2The Good Old Days . . . In the mid 1900’s, what was medicine like? Physician controlled medical care.Physician “prescribed” other modalities and told other professionals exactly what to do and how to do it.Physician was autonomous and received little input from other health professions.In the 1970’s, health care began its reform and physicians began to depend on allied health professionals to assist with patient care functions.
3Times Have Changed!Managing the care of individuals and populations often requires participation in team-based efforts.Allied health professionals have learned how to maximize their opportunities, and to affect the direction of health care reform.Many allied health professions are now respected patient care providers with much to contribute to the health care system.
4The New ParadigmTeams and teamwork represent the basis of a new paradigm in health care.Shifts in:Where employees workWhat functions they performIn which disciplines they workHow they interact with each otherIncreasing numbers of workers are now expected to cross-train and function as effective team members.
5TeamworkQuality health care depends on every health care worker doing his/her part.Professionals with different backgrounds, different education, different ideas, different responsibilities, and different interests all work together to provide appropriate quality care.Well coordinated teamwork across the health professions can provide effective and cost-effective patient care.
6TeamworkIn almost any health care career, you will be a part of an interdisciplinary health care team (practitioners from different professions who share a common patient population and common patient care goals with responsibility for complementary tasks).The team concept was created to provide quality holistic health care to every patient.It is essential that you learn to become a “team player” and learn to work well with others.
7TeamworkThe members of the team may change from day to day, depending on the medical situation.The team’s goal stays the same - - to provide quality health care for patients that will:Help patients get well and/or stay well.Contribute to diagnosing diseases or conditions.Make patients more comfortable or otherwise improve the quality of their lives.
8Teamwork Model Components: Common group of patients. Common goals for patient outcome and shared commitment to meeting these goals.Member functions are appropriate to an individual’s education and expertise.Team members understand each other’s roles.Mechanism for communication.Mechanism for monitoring patient outcome.Strong sense of team identity.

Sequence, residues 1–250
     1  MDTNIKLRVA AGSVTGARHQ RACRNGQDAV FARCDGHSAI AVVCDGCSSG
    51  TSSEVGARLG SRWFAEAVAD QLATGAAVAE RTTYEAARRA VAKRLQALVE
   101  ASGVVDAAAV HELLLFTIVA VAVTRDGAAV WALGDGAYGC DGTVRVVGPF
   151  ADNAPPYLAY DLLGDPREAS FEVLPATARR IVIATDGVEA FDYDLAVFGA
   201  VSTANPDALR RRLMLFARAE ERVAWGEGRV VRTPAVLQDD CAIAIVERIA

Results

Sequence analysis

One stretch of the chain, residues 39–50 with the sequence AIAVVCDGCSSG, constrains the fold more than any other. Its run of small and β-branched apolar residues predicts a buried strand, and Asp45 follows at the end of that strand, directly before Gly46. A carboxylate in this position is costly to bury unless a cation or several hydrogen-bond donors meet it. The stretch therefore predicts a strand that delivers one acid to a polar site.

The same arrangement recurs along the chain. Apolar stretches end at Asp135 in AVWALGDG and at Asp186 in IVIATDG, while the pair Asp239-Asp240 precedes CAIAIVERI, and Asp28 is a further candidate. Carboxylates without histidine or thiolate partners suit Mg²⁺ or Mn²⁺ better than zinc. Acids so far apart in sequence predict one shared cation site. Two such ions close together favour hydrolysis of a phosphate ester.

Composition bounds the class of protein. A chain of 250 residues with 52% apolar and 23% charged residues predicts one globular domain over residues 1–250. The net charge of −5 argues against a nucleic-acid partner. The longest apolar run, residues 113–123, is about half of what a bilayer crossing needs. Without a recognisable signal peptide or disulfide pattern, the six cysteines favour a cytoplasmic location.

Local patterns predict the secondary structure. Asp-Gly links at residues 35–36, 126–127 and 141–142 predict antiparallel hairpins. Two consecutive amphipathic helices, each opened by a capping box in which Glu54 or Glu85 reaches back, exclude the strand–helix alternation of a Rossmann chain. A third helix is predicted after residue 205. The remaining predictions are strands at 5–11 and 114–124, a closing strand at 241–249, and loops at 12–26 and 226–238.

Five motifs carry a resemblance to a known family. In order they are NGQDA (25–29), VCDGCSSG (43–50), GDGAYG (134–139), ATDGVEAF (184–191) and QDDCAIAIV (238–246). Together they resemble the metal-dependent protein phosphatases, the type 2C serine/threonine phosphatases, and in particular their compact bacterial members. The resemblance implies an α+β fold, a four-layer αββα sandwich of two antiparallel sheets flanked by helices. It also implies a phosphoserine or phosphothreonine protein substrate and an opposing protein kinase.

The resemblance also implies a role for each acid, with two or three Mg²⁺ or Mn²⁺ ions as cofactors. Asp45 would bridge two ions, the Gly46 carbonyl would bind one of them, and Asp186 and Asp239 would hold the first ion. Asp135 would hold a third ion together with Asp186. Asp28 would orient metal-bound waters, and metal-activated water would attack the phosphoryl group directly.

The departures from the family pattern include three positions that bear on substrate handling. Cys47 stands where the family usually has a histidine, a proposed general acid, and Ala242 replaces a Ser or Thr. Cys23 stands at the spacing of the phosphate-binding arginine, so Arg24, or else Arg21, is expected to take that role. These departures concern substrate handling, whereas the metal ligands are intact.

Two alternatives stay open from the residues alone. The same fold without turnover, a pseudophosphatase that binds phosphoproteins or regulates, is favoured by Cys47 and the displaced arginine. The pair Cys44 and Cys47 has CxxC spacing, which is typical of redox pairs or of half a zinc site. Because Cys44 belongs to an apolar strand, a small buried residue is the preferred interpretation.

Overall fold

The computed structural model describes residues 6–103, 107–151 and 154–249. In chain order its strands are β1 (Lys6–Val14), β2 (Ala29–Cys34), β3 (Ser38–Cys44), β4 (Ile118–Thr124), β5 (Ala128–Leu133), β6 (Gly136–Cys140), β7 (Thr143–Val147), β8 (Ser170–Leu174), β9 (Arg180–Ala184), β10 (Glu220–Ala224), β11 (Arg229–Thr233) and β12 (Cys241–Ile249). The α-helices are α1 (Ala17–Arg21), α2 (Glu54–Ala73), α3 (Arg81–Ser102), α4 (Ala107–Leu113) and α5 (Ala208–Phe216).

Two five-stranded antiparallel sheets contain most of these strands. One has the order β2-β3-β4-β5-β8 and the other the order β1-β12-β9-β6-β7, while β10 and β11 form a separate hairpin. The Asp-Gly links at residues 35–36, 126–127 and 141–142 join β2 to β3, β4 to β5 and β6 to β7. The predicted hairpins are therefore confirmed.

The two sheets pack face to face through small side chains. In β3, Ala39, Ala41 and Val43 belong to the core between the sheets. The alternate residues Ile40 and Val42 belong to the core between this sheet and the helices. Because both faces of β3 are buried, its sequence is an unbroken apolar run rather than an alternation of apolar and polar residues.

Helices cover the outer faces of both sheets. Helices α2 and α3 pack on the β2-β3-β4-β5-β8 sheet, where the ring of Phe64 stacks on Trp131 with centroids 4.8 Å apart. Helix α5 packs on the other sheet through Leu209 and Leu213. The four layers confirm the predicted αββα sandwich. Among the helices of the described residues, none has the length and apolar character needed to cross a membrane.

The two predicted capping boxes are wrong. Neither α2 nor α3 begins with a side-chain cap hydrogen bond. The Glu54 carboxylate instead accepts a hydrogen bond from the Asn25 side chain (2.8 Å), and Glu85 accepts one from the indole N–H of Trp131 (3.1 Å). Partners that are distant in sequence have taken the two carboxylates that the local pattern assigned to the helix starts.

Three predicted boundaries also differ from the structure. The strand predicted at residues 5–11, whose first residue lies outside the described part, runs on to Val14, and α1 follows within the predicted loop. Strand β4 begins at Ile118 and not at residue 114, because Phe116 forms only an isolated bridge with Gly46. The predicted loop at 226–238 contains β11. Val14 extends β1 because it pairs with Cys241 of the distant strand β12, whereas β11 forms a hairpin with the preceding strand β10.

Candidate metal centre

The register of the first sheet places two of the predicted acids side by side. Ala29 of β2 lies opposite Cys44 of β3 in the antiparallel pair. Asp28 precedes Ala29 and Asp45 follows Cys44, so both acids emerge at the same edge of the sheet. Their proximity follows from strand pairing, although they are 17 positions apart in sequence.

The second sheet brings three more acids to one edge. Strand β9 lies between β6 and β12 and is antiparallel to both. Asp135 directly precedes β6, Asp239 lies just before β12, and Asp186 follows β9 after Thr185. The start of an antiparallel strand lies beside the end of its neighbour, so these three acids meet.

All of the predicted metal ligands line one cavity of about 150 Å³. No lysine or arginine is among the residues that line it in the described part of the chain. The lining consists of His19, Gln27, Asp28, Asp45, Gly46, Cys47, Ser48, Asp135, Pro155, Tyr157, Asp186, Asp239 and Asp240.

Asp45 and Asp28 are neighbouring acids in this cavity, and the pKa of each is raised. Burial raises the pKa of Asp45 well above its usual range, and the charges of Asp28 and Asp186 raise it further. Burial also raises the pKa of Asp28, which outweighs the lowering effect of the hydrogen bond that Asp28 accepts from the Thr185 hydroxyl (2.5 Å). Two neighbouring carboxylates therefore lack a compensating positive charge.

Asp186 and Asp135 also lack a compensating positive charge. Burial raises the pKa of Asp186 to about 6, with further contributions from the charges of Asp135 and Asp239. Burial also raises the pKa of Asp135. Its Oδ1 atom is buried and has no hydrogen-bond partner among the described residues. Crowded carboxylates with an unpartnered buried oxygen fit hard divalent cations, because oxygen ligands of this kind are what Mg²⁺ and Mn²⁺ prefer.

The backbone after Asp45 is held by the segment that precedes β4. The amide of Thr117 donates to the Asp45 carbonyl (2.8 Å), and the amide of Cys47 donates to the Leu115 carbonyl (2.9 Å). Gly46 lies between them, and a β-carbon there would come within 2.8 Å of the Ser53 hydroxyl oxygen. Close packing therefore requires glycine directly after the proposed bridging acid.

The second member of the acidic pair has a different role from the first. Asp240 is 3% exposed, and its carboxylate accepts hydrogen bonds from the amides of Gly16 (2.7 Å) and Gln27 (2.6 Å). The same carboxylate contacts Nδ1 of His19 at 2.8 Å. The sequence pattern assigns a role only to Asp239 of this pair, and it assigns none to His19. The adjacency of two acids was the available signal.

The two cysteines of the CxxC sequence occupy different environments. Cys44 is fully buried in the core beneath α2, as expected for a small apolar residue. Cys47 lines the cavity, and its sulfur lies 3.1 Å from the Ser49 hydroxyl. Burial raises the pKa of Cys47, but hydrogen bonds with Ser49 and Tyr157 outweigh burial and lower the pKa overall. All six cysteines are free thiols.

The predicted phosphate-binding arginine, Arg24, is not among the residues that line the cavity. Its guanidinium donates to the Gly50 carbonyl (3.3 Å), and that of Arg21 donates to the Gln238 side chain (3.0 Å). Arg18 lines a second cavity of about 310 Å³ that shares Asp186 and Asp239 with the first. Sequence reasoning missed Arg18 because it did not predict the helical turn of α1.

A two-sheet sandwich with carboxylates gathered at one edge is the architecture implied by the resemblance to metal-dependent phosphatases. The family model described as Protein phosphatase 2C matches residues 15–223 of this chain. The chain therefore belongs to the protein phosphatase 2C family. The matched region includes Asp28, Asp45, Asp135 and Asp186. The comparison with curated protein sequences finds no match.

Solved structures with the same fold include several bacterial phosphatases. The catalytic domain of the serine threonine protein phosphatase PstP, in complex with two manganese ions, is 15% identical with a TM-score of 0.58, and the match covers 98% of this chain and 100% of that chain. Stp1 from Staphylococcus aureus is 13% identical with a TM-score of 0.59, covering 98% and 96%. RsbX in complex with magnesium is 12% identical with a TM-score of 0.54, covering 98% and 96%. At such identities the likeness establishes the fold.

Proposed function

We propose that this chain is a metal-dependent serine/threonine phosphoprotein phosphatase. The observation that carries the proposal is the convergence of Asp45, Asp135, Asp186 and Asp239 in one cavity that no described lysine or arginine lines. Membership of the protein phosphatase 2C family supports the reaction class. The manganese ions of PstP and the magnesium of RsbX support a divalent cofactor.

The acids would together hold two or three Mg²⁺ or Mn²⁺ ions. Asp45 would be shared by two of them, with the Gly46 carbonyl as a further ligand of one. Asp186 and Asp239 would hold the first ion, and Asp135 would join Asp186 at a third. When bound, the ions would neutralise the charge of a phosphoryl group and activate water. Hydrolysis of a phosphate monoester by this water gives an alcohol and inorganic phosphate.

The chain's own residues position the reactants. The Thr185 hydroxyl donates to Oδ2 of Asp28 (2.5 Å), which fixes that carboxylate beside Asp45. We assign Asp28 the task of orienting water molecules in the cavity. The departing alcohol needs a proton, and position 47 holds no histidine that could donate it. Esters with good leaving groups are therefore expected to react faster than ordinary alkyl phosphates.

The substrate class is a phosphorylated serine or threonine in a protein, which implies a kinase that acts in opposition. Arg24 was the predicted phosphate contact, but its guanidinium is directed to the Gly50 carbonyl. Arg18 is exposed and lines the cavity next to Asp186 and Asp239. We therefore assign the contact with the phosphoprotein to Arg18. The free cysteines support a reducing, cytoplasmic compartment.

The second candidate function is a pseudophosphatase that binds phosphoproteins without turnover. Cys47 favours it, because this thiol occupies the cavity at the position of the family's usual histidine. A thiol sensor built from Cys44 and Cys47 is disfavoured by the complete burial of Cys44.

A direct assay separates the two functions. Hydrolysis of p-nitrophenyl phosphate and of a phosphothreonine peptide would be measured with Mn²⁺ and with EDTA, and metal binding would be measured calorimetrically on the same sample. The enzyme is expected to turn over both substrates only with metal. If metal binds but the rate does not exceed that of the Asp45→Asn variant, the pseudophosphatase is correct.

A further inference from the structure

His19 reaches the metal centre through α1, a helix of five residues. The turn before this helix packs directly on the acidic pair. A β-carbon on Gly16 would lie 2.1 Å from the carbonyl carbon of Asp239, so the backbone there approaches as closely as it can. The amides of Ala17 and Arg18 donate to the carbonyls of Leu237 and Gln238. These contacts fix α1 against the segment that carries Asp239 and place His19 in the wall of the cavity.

9Teamwork Model Values/Behaviors: Communication that is not hierarchic but rather two-way facilitating sharing of information & knowledgeCooperation & coordination promote the use of the skills of all team members, prevent duplication, and enhance the productivityOptimism that this is the most effective method of delivery of quality of careValues/Behaviors:Trust among all partiesKnowledge and trust remove the need for supervisionJoint decision makingMutual respect for the expertise of all members of the team – this respect is communicated to the patient
10Advantages of Teamwork For Patients:Improves care by increasing coordination of services, especially for complex problems.Empowers patients as active partners in care.Can serve patients of diverse cultural backgrounds.Uses time more efficiently.
11Advantages of Teamwork For Health Care Professionals:Increases professional satisfaction.Enables the practitioner to learn new skills and approaches.Encourages innovation.Allows provider to focus on individualareas of expertise.
12Advantages of Teamwork For the Health Care Delivery System:Holds potential for more efficient delivery of care.Maximizes resources and facilities.Decreases burden on acute care facilitiesas a result of increased preventive care.
13Example Surgical Team: Admitting clerk (admission information)Insurance representative (approval for surgery)Nurses or patient care technicians (prep pt)Surgeons, one or moreAnesthesiologistOperating room nursesSurgical techniciansHousekeepers (clean and sanitize OR after procedure)Sterile supply techs (clean instruments)Recovery room personnelDietitianSocial workerPhysical therapistOccupational therapistHome health personnelEach Member has an important job to do. When the team members work well together, the patient receives quality care.
14Interdisciplinary Teams In contrast to:Disciplinary or independent medical management approachin which a practitioner works autonomously with limited input from other practitioners.
15Interdisciplinary Teams In contrast to:Multidisciplinary approachwhich involves various health care professionals working independently - - not collaboratively - - with each responsible for a different patient need.